Comedian Ricky Gervais has decided that because we liked The Office, quite enjoyed a couple of sketches in Extras (the David Bowie one and the Lenny Henry one) and weren’t all driven to suicide by Night At The Museum, we should therefore care what he thinks about giraffe rights.
Gervais takes them so seriously that when he found a photograph of “extreme huntress” Rebecca Francis posing next to the body of a giraffe she had shot, he just couldn’t resist exposing her to the righteous wrath of his 7.5 million Twitter follows, earning the poor woman a string of death threats.
What Gervais clearly doesn’t appreciate – why should he?: his job is making people laugh and hanging out with smug Hollywood liberals, not reading or thinking – is that any intelligent person who really cares about Africa’s wildlife ought to be backing people like Rebecca Francis to the hilt.
If it weren’t for Africa’s game industry there’d be virtually no game left in Africa to photograph, let alone hunt.
That’s because it’s the hunters who significantly bankroll the conservation, breeding and protection programmes that keep the animals from being poached to extinction.
In the game reserves of Africa they well understand this.
Here, for example, is Alexander N Songworna, director of wildlife for the Tanzanian Ministry of Natural Resources and Tourism, pleading with the New York Times’s readership not to meddle with his country’s game industry.
In Tanzania, lions are hunted under a 21-day safari package. Hunters pay $9,800 in government fees for the opportunity. An average of about 200 lions are shot a year, generating about $1,960,000 in revenue. Money is also spent on camp fees, wages, local goods and transportation. And hunters almost always come to hunt more than one species, though the lion is often the most coveted trophy sought. All told, trophy hunting generated roughly $75 million for Tanzania’s economy from 2008 to 2011.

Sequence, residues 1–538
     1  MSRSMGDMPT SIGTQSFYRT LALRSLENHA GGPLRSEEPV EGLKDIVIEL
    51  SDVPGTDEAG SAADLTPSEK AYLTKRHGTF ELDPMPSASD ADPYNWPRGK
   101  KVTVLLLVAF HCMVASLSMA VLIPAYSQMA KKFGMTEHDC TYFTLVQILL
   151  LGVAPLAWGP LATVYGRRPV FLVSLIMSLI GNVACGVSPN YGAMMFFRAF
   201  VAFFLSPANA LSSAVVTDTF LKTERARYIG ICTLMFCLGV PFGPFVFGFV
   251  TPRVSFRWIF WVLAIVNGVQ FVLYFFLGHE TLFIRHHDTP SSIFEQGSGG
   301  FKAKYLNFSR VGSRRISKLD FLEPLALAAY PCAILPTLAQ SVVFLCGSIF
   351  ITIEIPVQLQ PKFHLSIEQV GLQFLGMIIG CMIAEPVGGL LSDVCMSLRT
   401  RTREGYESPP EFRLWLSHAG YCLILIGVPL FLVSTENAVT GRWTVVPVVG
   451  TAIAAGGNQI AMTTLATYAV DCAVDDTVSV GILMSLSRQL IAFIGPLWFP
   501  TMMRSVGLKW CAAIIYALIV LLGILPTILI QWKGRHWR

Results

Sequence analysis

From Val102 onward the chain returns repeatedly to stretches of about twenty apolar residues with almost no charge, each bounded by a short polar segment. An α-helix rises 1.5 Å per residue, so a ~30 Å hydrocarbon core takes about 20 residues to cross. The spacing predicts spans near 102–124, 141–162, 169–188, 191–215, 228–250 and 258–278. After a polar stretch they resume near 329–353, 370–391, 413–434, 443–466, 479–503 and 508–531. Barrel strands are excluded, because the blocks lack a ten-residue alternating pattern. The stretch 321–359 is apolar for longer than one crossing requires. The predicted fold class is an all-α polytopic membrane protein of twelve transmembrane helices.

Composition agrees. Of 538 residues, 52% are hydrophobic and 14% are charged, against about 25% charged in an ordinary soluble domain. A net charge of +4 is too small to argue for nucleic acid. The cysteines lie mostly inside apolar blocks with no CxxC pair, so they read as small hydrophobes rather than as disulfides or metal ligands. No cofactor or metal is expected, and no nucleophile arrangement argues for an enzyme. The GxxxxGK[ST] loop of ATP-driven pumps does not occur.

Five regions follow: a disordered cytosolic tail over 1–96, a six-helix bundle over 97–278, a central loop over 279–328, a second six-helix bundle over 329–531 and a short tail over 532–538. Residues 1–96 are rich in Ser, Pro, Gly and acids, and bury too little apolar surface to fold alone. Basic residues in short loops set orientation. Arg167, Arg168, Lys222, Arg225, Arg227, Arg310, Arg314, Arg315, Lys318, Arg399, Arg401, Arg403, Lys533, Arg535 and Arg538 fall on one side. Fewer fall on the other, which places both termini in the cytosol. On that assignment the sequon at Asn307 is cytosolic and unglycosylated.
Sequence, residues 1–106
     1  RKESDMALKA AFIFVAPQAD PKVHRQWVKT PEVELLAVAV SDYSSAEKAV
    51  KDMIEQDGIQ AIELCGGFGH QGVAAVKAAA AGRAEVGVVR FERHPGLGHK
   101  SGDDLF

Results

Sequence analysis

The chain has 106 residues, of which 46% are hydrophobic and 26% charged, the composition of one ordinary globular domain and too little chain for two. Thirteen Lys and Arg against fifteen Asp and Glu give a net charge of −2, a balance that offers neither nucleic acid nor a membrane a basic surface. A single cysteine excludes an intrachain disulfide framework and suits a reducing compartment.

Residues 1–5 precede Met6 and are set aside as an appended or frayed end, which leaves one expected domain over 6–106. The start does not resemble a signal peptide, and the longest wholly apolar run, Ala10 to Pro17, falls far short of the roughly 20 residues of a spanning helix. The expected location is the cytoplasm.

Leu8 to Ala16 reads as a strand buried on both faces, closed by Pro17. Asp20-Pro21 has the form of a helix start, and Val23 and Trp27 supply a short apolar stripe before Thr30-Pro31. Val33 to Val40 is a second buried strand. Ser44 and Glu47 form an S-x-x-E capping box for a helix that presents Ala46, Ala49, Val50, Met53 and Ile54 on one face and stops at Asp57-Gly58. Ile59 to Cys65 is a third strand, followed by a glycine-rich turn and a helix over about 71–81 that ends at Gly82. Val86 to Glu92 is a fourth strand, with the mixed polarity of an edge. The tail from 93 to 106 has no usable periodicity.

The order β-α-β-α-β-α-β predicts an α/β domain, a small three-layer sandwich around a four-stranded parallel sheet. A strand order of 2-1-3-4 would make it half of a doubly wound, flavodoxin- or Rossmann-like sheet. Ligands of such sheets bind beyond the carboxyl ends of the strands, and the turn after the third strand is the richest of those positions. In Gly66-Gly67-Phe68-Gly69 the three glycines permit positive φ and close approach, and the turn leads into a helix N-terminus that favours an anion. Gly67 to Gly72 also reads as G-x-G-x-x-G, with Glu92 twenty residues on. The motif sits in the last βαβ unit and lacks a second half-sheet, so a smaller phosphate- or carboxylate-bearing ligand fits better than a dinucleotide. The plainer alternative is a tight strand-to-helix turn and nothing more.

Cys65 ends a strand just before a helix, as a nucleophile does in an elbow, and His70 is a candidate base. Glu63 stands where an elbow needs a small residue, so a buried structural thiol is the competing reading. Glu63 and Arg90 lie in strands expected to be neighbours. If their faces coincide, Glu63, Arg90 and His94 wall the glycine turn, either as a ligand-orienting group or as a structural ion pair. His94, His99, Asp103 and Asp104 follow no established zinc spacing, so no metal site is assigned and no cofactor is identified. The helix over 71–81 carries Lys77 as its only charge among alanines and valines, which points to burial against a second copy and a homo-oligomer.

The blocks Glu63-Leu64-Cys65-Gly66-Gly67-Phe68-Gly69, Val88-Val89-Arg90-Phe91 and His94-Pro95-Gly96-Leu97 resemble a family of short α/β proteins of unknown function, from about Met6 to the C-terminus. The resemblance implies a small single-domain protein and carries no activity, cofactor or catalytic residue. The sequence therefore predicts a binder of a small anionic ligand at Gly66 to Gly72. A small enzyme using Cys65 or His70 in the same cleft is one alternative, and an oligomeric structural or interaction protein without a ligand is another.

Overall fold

The same is true in Namibia, where permits to shoot black rhino raise $350,000 each – money which goes towards ensuring that there will still be black rhinos for future generations of Gervaises to gawp at and weep tears over.
If Gervais really cared about Africa’s wildlife, he’d put his money where his mouth is – as this fine upstanding hunter from Texas did recently, man up and go and bag himself a rhino. (Or, if he’s too chicken, a giraffe).
I know it’s not necessarily obvious, this paradox that in order to preserve animals it sometimes make sense to kill them. It’s a head thing, not a heart thing, unfortunately, which is why so many people of a liberal persuasion are so doomed never to get it.